Data breach at McDonald’s – what on Earth did they want, a Big Mac?

data breach
Image by Kuzina Natali | Bigstockphoto

The recent data breach at McDonald’s in South Korea and Taiwan just sounds weird. Attacks on banks, insurance companies, and telcos are easier to comprehend, but McDonald’s makes you scratch your head in confusion.

McDonald’s customers are, almost by definition, anonymous. You do not need to give your name, so the only thing that the data breach might yield on the useful/saleable information side is a credit card number. And a credit card number by itself, probably a contactless transaction anyway, gives up no name or security code.

The report says that no customer information was harvested during the data breach. Only a ‘small number of files were accessed, some of which contained personal data.’

The data breach was discovered by external consultants and resulted from unauthorised activity on the network, and the whole thing seems curiously unimportant.

One possibility, of course, is that an ex-employee was behind the attack – no ransom was demanded – and what he or she was after was a way of getting back at the person who sacked him. Perhaps. Or perhaps someone was attacking McDonald’s because it was there. A joke, or a dare or bet.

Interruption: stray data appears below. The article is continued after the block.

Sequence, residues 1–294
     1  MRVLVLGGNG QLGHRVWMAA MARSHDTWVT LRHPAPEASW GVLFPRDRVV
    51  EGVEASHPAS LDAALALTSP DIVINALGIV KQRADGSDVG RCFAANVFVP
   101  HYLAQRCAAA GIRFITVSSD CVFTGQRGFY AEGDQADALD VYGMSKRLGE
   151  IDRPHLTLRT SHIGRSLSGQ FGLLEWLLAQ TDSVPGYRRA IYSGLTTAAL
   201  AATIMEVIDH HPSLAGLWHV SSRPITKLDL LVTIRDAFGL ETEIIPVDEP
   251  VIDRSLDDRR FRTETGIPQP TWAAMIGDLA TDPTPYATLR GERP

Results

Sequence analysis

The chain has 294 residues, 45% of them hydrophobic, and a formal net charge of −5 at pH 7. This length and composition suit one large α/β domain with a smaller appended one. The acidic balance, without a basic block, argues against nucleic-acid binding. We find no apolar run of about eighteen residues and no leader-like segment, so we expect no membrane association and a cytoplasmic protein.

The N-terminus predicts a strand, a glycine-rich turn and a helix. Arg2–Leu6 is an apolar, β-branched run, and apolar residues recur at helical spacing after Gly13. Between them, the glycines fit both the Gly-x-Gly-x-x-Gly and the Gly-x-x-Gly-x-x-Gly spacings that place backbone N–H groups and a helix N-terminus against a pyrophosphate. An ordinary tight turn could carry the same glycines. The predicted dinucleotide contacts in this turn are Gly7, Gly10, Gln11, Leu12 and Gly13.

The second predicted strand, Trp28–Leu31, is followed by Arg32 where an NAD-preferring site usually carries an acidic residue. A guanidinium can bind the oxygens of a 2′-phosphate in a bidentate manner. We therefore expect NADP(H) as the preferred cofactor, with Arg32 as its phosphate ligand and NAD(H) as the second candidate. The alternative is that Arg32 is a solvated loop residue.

In a world where a data breach is commonplace, you would think that you would attack a company with data worth breaching.

The sad fact is that data breaches are now so common, causing a lot of people a lot of stress. The recent survey by Trend Micro, polling over 2,000 security professionals, uncovered the shocking fact that 70% of those professionals were suffering so much stress from the threat of a data breach or other security issue that their home lives were being negatively impacted.

At a time when there seem to be fewer and fewer professionals defending networks against a rising threat of a data breach, many walk away, and others hope that someone else will step in, and some simply turn off their alerts. And they are not, it seems, supported by senior management, who would rather think up ways of increasing revenue than spend money shoring up security.

Whatever and whoever was behind the strange data breach at McDonald’s, we may never know. It certainly does increase the feeling of helplessness and stress amongst those who probably thought they were not even a target. And as a result, it increases stress amongst those who do.

Related article:

Did we just give up on cybersecurity? Is it because the problem is too big?

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